Another consideration is that individual elements of some of the original pieces were played on-site on staggered arrays of multiple auto-reverse cassette machines, or numerous CD players set on “shuffle”, affording gallery visitors a fully immersive experience. There was no chance of the mix remaining the same from hour to hour. Obviously these LPs can’t duplicate that environment; deciding on the final stereo mixes must have been an interesting process.
Making Space is the most “active” album of the nine. It includes music played at 77 Million Paintings exhibitions (live events based on the “entrancing screensaver” mentioned above) in 2010. If, perchance, you find your mind wandering unacceptably while listening to other LPs in the box set, this portion of the proceedings could serve as an attention-span palate cleanser.
If the luscious box and book aren’t enough, of additional appeal to Eno trainspotters is LP number nine, Music For Future Installations: four new songs, including a side-long piece entitled “Surbahar Sleeping Music.” The material on this disk is relatively featureless compared to the rest of the set. It serves as both a bonus album and a teaser — this Eno fellow may or may not have more events up his sleeve.
I don’t go for scale. I go for length.
– Brian Eno
What to make of nine LPs of pensive instrumental music divorced from its multimedia origins? Glib wags might dismiss this package as Music To Watch Paint Dry To. Or Grass Grow. Me, I’ve always got some extra time set aside for both. Roses? Heck, stop and smell the paint. Eno’s never been one for broad brushstrokes. This is heady, detailed stuff, and Music For Installations is not to be missed by Eno completists and/or fans of his quieter, more conceptual works.
I can’t resist a kvetch regarding the enclosed download coupon. It requires an email address / registration validation or social media account … which is becoming the norm. And is annoying. More annoying still is that the email validation DOESN’T WORK. Universal Music Group (via something called TheSoundOfVinyl) would much prefer to be granted access to one of your social media accounts (Twitter, Facebook, etc) in order to have the user gain access to the download page. Following a 36-hour wait for a helpdesk reply regarding the failures of repeated email validation attempts (I was instructed to flush my cookies, which my browsers do every time I close them, but thanks), I resorted to a barely-used Google Plus profile that I sacrificed for the privilege of downloading the WAV files. The download clocks in at nearly 3.7GB and contains two 24/44 tracks, “Modified Fishes” and “Purple Zone”, not on the LP. The low-frequency thunder-rumble of “Fishes” freaked my cats out, so there’s that.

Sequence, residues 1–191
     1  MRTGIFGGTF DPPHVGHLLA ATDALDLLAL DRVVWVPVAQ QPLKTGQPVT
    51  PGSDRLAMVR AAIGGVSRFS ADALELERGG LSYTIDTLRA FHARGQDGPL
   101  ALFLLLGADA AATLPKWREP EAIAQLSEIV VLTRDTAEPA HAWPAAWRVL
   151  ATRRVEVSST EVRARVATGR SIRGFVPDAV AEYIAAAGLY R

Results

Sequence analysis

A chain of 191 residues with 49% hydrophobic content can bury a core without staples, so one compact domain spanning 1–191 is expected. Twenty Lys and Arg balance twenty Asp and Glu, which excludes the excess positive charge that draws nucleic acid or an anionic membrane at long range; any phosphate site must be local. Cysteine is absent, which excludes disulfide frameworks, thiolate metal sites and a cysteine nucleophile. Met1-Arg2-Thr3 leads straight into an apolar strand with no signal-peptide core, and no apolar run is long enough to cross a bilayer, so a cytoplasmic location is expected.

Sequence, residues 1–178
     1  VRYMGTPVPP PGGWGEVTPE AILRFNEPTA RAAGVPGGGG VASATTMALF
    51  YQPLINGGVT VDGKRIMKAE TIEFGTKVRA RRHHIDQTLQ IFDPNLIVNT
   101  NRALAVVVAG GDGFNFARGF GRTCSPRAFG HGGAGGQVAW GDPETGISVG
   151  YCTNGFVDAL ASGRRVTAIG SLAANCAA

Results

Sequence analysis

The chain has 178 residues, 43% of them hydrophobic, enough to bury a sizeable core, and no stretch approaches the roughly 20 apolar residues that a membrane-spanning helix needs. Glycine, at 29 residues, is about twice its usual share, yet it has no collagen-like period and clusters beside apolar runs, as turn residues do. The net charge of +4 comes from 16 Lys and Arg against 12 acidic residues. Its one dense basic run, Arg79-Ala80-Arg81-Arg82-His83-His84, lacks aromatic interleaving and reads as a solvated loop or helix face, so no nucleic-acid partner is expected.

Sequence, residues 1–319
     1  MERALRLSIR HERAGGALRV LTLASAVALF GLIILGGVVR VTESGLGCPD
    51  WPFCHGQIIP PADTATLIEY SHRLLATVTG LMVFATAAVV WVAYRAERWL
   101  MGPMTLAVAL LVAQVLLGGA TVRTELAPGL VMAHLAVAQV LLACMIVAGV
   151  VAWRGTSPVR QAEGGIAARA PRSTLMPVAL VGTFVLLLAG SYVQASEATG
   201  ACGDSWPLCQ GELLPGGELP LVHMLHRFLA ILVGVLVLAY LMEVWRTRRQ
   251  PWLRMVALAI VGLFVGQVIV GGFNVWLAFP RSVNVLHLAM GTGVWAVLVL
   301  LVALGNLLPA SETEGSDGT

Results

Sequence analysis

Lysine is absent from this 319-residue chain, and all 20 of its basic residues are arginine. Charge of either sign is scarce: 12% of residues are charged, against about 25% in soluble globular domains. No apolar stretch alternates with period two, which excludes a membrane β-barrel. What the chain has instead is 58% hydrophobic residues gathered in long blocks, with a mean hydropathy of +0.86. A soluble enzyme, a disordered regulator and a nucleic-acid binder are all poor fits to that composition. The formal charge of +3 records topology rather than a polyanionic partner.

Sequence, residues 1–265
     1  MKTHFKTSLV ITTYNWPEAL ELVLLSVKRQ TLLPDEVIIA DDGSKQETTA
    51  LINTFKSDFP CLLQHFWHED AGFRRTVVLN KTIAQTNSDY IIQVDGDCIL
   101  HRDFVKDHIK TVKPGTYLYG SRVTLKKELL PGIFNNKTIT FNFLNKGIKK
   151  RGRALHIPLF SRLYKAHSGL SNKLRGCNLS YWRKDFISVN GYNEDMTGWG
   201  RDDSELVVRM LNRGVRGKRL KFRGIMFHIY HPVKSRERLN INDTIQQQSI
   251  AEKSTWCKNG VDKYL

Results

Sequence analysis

A note on the packaging: the LPs are sleeved in heavy-stock, color die-cut cardboard. The jackets are attractive, with a design that matches the LP labels … but they exemplify form over function. The interior of these sleeves isn’t something that is friendly to the surface of vinyl. I immediately removed the discs, cleaned them and slipped them into Mobile Fidelity poly sleeves (I’ve been upbraided more than once by my Discogs friends — of which I have none — that I should be using Diskeeper sleeves instead of MoFi. Perhaps the cost and extent of this box set might sway me over to the Diskeeper sector of the realm).
The pressing quality is excellent and very quiet, thankfully. The overall presentation (other than the cardboard bugaboo) is flawless, and snazzy in a low-key, conceptual, arty way.
Which is, of course, Eno’s way.
About the Author
Paul Ashby has, gratefully, retired from the music business but still can’t resist sniping from the sidelines from time to time.
He lives in Contra Costa County, California, with his partner Kate Burkart and their cats, Wafflehead and Timmy.
He is approaching the tipping point where he enjoys gardening and landscaping more than music. We’ll see how that pans out.